Hall County resident Jennifer Sargent has found three snakes in her yard over the past six weeks.
“This is one of the other snakes found about two weeks ago,” she wrote in an email, with an accompanying photo of a snake near a swimming pool. Sargent lives off Thompson Bridge Road, just north of downtown Gainesville.
When informed the snake was identified as a copperhead, she expressed dismay.
“We live in the city with a lot of houses around,” she wrote. “And I have children.”
While there may be some fear and misunderstanding surrounding the slithery creatures, experts say there’s little to worry about.
“There are no snakes in Georgia that want to bite you or want to chase you down,” said Clint Eller, interpretive ranger at Don Carter State Park. “They want to get away from us.”
He added some people mistake a snake’s “defensive” posture as meaning the reptile is about to attack.
“They’re going to look for the best escape, and they’re going to run,” he said. “There are no snakes in this part of Georgia that will stay and hold their ground with us. They’re going to want to get away.”
The snake population isn’t increasing, but humans may be encountering more snakes than normal as development continues.
“We’re encroaching on them,” Eller said. “Every time we build a shopping center, every time we build a state park — we’re moving in on them.”
He also pointed out that people who kill any snake, regardless of what kind, are doing themselves a disservice.
“Another study that’s going on, that we’re waiting to see the results from, people are killing so many black snakes, we’re starting to see more venomous (snakes),” he said.
Some people will kill any snake, while some of the nonvenomous kinds will eat the venomous ones, keeping those populations at bay. And, in reality, snakes are nothing to fear.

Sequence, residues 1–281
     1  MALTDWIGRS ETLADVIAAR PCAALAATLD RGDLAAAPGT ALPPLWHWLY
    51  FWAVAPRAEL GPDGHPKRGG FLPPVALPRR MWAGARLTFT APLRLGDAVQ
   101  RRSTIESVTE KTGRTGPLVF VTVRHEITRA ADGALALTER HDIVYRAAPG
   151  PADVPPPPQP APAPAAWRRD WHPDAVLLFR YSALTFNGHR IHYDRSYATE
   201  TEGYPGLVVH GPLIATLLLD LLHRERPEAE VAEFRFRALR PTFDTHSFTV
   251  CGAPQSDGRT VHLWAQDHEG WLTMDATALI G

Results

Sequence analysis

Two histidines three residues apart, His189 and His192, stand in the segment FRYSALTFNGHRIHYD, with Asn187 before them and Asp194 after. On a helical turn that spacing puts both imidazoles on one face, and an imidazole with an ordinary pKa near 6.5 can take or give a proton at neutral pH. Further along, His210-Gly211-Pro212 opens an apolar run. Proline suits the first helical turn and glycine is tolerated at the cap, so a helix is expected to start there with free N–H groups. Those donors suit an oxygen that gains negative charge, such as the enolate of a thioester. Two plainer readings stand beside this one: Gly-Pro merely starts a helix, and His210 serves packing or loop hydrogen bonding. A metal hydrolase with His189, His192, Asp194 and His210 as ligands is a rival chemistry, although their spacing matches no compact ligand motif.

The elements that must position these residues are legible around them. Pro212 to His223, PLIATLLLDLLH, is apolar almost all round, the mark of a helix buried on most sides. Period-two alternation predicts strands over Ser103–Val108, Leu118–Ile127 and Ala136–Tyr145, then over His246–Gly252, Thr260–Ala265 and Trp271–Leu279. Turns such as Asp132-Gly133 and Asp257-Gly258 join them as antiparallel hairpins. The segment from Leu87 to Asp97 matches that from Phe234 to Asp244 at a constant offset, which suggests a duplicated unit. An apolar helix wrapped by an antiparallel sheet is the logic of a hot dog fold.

Information from the University of Florida’s Department of Wildlife Ecology and Conservation states there are only five or six fatalities annually from venomous snakebites — making someone nine times more likely to die from being struck by lightning.
Northeast Georgia Medical Center is seeing “about the same” amount of snakebites this year as compared to previous years, according to Director of Emergency Services Van Haygood.
“We have had 13 venomous ... snakebites present to our emergency department,” he said, for 2014. There has also been one nonvenomous bite.
Eller said copperhead bites are typically not deadly for a healthy adult; rattlesnake bites can be fatal if not treated promptly. There are no other venomous snakes in this area.
That being said, neither copperheads nor rattlesnakes are exactly eager to bite. They see humans as threats, Eller said, and will likely leave an area if they know humans are there.
His advice is to “make a lot of noise” when outside to alert snakes of your presence. And if you do happen to come across a snake, give it a wide berth.
“People get bitten messing with them,” Eller said.
Snake deterrents you can purchase are often ineffective, according to Eller; your best bet is to clear any brush or junk piles away from your house.
“If you find them in your house, they’re coming in your house for a reason,” he said. “If you find snakes in your house, you’ve got a rodent problem and you need to have somebody come out and treat it. Snakes don’t come in the house looking for people; they come in the house looking for food.”
Eller welcomes everyone to contact him with snake pictures to identify; he can be found on Facebook at www.facebook.com/doncarterstatepark. He also can be reached via cellphone at 706-768-2283.
In fact, Eller identified the snake in Sargent’s pool as a copperhead. He also identified another snake she found as a harmless brown snake.
“We had someone come out and remove them for us,” Sargent said about her reptilian visitors.